Why so serious, darlings? I'm on my third divorce, and if I can laugh so can you.
The above photo from the mid-1950s shows Hungarian star Zsa Zsa Gabor, whose films included Moulin Rouge, Death of a Scoundrel, Drop Dead Darling, Touch of Evil, and of course, Queen of Outer Space, which we talked about here. What was really funny about Gabor is that she would eventually total seven divorces. It could be a Hollywood record.
Nope. Lana Turner beat her with eight, and Elizabeth Taylor and Mickey Rooney both tied her with seven. Gabor, however, also had an anullment. So she ditched eight hubbies. Well, merrily, merrily, merrily, merrily, life is but a dream, and considering she reached age ninety-nine, maybe she knew more about living than all of us. You see her below from the same shoot, contemplating another marriage proposal.
Lawless border town brings out the worst in its inhabitants—and in its screenwriter too.
We've shared some promos from the Orson Welles film noir Touch of Evil before. Those were worthy efforts, but we think this Belgian poster is the best. We don't have a Belgian release date but we can guess at one. The movie premiered in the U.S. in early 1958, then crossed to Europe during the summer, with premieres in the UK in April and France in June—in fact today. The film won the FIPRESCI (Fédération Internationale de la Presse Cinématographique) Prize at the Brussels World Film Festival that year, which was held from April 21 through June 13, but we think the movie showed after its French premiere. So we're guessing sometime between June 8 and June 13 for its Belgian unveiling.
So about the film. We've hinted at this, but now we'll come out and say it: It isn't as good as many claim. Award winner, yes, but one that hasn't aged well. Visual masterpiece with numerous breathtaking shots, certainly, but one in which the script (written by Welles) lacks narrative logic. We could choose a dozen examples of this problem, but we'll give you just one. Early in the film Janet Leigh, who's married to a cop and thus shouldn't be naive, allows herself to be led down dark streets by an unknown male at four o'clock in the morning. And she does this in a Mexican border town Charlton Heston describes as “bringing out the worst in people,” which we can assume to mean “not safe.” Leigh traipsing off into the unknown with an obviously dodgy character is absurd. The movie lost our girlfriends at that point. "Oh, come on!" was the general sentiment.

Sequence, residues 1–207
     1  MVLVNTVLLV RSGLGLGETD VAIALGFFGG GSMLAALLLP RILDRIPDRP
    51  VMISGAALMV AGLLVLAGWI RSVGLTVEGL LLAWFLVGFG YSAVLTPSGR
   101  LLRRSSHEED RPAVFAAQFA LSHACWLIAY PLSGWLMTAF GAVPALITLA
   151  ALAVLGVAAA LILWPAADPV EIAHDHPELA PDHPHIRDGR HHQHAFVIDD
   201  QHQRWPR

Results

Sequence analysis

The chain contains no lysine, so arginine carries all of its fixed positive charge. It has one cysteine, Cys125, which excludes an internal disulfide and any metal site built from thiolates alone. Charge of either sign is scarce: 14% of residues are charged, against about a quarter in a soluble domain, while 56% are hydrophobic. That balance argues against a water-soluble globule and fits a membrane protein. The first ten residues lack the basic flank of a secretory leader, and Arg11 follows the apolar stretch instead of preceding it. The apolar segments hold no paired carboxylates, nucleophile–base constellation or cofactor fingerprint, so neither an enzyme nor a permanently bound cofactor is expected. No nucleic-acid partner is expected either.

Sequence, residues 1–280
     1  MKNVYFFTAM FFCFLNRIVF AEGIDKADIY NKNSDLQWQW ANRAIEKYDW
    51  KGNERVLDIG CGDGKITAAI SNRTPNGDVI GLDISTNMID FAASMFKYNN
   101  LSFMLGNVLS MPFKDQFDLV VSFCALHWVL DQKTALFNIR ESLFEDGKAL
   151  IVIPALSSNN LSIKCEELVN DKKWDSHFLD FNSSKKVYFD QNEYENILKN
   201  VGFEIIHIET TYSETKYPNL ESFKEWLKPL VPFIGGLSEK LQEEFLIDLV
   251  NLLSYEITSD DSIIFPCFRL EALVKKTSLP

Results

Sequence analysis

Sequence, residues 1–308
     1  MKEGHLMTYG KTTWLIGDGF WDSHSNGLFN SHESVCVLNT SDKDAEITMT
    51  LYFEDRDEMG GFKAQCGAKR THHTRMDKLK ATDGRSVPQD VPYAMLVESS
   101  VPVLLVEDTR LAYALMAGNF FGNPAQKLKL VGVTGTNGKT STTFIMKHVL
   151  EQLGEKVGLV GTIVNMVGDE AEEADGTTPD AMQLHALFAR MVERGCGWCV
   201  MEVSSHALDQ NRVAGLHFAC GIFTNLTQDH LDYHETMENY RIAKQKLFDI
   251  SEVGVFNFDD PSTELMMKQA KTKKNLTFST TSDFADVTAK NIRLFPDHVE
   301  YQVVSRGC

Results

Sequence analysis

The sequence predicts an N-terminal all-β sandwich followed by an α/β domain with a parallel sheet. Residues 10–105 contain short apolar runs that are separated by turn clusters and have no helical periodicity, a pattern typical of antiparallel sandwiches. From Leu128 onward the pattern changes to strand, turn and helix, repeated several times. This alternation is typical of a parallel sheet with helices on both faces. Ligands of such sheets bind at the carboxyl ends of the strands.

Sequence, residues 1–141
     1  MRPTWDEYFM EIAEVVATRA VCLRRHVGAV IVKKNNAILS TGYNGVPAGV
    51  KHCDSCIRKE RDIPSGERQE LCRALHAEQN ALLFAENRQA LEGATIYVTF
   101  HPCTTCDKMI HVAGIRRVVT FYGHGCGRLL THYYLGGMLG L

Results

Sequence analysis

The truth is Touch of Evil flirts dangerously more than once with being laugh out loud silly. Dennis Weaver's motel desk worker is Norman Bates from Psycho two years earlier, several degrees twitchier, and immeasurably hammier. Even the staging of the film is bizarre at times, with various characters required to physically orbit the central action so they can be glimpsed or encountered at just the right moment. We know, we know—our complaints are total sacrilege. Don't get us wrong. The movie is still entertaining, but people who call it a masterpiece have decided to overlook Welles' screenplay. And generally these people will also call you stupid for disagreeing with them, so be prepared for that. But don't take our word on Touch of Evil. Watch it and see what you think. And if you're interested, we discussed other aspects of the film a while back here.
Happiness is to age well in Hollywood.
Joi Lansing was born Judy Rae Brown in Salt Lake City, Utah, and could be the best thing ever produced by a state famous for its natural beauty. While she appeared in the film noir Touch of Evil, as well as on scores of television shows, she can't be said to have achieved major stardom. However she had a long career owing partly to the fact that she didn't seem to age—quite a useful trick in Hollywood. Despite that, don't believe it when you see other sources claim the above photo was shot in 1959. She had good genes, but not quite that good. The shot is from 1956, when Lansing was twenty-seven.
Touch of Evil sleeve art perfectly captures the film's mood.
Above, a Japanese soundtrack sleeve for Orson Welles’ lauded 1958 post-noir thriller Touch of Evil, with music from Henry Mancini. Top marks for the beautiful design on this.